Look: I am eager to learn stuff I don't know--which requires actively courting and posting smart disagreement.

But as you will understand, I don't like to post things that mischaracterize and are aimed to mislead.

-- Brad Delong

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Everything that appears on this blog is the copyrighted property of somebody. Often, but not always, that somebody is me. For things that are not mine, I either have obtained permission, or claim fair use. Feel free to quote me, but attribute, please. My photos and poetry are dear to my heart, and may not be used without permission. Ditto, my other intellectual property, such as charts and graphs. I'm probably willing to share. Let's talk. Violators will be damned for all eternity to the circle of hell populated by Rosanne Barr, Lady Gaga, and trombonists who are unable play in tune. You cannot possibly imagine the agony. If you have a question, email me: jazzbumpa@gmail.com. I'll answer when I feel like it. Cheers!

Wednesday, September 14, 2011

Correlation and Causation

In comments late last night, Stone Glasgow pointed out that correlation is not causation, which is, of course, a fact.  It falls into the category of true, but irrelevant

The way I look at it, there are meaningful correlations and non-meaningful correlations.

In the meaningful case, there might be common cause, or there might actually be cause and effect.  If there is common cause, at least one phenomenon serves as a barometer for the other.  Help me out here, if I'm missing any other possibilities.

In the non-meaningful case, an apparent correlation may simply be a data artifact, or there can be pure coincidence, or what I call "coincident correlation" where two unrelated phenomena happen to follow a similar course for a while, before veering off on their own trajectories.

To sort out if a correlation is  meaningful, you have to put together a coherent narrative.  In the case of this graph, I've done that.  Here is some elaboration.  The indicator value of finance sector peaks in identifying recessions since WW II is ten for ten - 100%.  On the contrary, there is one false positive in 1986.  This gives us 10 for 11, overall, or 90.9%.  Few indicators achieve that kind of reliability.

As additional confirmation, consider the times when the percentage of finance sector capture is below trend for several years in a row.  These times are specifically the longest recession-free periods in the time frame.  Politically, these are the Kennedy-Johnson and Clinton administrations.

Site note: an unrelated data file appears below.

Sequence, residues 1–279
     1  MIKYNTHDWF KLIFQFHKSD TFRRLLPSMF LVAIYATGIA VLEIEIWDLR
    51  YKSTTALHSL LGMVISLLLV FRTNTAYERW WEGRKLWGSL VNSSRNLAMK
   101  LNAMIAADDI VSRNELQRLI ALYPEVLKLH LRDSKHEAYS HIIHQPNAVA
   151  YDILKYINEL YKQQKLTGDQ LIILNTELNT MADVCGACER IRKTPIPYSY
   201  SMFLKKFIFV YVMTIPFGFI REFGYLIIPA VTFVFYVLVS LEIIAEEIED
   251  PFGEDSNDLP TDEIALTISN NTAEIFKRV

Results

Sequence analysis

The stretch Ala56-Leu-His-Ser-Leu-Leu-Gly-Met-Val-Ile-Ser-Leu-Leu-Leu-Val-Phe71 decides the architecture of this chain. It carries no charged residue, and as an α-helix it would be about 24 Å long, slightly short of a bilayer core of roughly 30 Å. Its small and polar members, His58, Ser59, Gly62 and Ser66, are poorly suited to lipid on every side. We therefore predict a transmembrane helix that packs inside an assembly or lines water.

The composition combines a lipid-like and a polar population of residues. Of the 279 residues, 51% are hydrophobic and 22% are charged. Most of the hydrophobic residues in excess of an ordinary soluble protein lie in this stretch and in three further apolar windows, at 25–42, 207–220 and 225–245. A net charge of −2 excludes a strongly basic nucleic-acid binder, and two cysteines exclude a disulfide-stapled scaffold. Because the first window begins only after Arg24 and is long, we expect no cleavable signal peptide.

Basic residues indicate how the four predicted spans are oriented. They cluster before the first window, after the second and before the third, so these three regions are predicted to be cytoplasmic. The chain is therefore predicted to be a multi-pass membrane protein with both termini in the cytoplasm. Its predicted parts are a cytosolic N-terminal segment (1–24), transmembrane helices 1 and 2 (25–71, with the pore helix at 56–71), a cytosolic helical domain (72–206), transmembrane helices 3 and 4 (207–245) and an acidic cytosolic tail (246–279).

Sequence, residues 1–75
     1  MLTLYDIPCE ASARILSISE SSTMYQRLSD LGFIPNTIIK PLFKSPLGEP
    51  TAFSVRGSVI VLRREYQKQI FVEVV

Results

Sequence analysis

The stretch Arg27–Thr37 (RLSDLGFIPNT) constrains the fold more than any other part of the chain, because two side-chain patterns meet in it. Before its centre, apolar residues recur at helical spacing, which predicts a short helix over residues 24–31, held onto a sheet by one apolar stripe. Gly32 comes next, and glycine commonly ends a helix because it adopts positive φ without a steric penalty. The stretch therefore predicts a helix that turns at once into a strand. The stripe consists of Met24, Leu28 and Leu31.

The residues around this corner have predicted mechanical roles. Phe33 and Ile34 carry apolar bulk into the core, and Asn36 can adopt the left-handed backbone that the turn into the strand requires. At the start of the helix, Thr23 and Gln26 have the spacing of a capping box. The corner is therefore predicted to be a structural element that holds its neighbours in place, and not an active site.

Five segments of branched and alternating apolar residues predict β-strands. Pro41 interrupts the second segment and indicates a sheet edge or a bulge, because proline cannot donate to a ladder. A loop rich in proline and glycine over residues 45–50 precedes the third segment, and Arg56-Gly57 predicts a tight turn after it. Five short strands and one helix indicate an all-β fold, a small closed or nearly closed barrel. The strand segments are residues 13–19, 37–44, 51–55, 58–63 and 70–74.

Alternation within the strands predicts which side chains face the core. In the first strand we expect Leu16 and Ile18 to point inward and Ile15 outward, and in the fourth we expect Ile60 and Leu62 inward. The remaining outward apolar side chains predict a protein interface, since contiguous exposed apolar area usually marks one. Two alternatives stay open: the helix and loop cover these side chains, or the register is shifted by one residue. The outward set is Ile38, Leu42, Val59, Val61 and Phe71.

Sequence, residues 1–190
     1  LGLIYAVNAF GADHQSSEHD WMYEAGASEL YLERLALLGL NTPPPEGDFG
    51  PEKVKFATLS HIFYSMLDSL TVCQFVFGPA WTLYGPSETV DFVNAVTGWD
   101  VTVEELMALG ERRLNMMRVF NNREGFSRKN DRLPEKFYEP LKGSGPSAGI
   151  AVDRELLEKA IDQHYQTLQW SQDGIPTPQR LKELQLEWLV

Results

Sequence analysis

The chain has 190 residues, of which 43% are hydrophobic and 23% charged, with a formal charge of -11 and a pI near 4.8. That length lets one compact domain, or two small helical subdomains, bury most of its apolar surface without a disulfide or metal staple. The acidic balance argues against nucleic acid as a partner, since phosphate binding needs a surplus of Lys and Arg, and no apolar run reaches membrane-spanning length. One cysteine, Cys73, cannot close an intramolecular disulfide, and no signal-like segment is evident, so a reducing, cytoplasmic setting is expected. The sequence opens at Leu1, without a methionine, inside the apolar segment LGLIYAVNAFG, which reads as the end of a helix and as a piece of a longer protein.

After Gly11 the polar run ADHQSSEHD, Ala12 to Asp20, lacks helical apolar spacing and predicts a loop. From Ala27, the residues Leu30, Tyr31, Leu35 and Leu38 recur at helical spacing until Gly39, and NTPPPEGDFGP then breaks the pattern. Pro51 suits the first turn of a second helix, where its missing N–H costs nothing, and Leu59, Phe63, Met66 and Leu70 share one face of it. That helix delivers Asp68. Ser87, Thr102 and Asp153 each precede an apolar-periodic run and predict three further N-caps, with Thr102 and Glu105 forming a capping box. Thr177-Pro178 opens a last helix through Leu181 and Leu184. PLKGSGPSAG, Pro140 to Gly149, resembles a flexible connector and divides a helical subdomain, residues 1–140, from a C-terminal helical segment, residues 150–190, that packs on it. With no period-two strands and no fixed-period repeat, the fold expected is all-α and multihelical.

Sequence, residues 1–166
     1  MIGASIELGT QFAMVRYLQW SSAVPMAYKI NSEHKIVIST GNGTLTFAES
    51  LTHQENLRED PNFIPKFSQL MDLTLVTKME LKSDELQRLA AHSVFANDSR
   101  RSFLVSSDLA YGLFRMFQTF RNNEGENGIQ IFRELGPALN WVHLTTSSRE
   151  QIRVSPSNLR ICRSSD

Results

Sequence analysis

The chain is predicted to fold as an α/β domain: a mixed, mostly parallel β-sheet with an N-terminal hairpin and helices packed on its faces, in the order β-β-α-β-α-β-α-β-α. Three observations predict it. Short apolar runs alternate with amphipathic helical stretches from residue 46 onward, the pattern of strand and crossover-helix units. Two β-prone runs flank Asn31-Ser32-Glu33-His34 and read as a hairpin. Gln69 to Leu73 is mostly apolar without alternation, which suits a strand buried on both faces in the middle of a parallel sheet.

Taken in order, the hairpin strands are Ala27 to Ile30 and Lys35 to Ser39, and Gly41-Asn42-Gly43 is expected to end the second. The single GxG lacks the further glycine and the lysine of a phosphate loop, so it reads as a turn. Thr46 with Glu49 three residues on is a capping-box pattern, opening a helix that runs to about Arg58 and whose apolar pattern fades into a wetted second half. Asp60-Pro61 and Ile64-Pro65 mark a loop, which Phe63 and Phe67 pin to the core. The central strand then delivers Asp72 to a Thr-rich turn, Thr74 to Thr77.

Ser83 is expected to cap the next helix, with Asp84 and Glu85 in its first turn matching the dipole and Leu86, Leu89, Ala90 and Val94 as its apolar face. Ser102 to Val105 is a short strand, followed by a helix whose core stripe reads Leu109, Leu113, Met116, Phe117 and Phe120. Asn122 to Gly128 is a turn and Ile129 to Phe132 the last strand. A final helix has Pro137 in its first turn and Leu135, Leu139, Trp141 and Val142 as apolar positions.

To call this correlation non-meaningful is asking an awful lot of coincidence.  Occum's razor firmly in hand, I prefer to think that policy matters.  Recessions are a characteristic of Republican administrations.   This relates to tax enforcement policy, deregulation that enables capital misallocation, fiscal and monetary policies, and the wealth disparity that has grown continuously since about 1980.

My coherent narrative lends credence to the meaningful correlation between high finance sector profits and poor economic performance.

High finance sector profits contribute to a concentration of wealth at the top of society.  This is ultimately destabilizing.  It happened in the 30's and it's happening again now.


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3 comments:

The Arthurian said...

That was an interesting exchange, I thought.

One thumb down: "The indicator value of finance sector peaks in identifying recessions since WW II is ten for ten - 100%."

There are probably a lot of datasets of which this is true. (This is just a first reaction, not a well-considered reply. But my initial reaction is that your claim is ...probably not meaningful.)

One thumb up: "As additional confirmation, consider the times when the percentage of finance sector capture is below trend for several years in a row. These times are specifically the longest recession-free periods in the time frame."

This is a brilliant insight. I like it. I have this.

And one simple observation: "High finance sector profits contribute to a concentration of wealth at the top of society."

Yes, and -- apart from the relative fall of wealth and income for everyone below the top -- the increasing income of the financial sector is an increasing cost to the non-financial sector.

Jazzbumpa said...

There are probably a lot of datasets of which this is true.

I very much doubt it.

"High finance sector profits contribute to a concentration of wealth at the top of society."

Exactly.

the increasing income of the financial sector is an increasing cost to the non-financial sector.

Right. It also involves the wrong use of debt.

Cheers!
JzB

The Arthurian said...

me: the increasing income of the financial sector is an increasing cost to the non-financial sector.

you: Right. It also involves the wrong use of debt.

me: As financial costs increase for the non-financial sector, financial profits increase relative to non-financial profits. Because of that, the financial sector is more appealing to investors than the non-financial sector.

The thing that drives the "wrong use of debt" is that profits are better in the financial sector than elsewhere.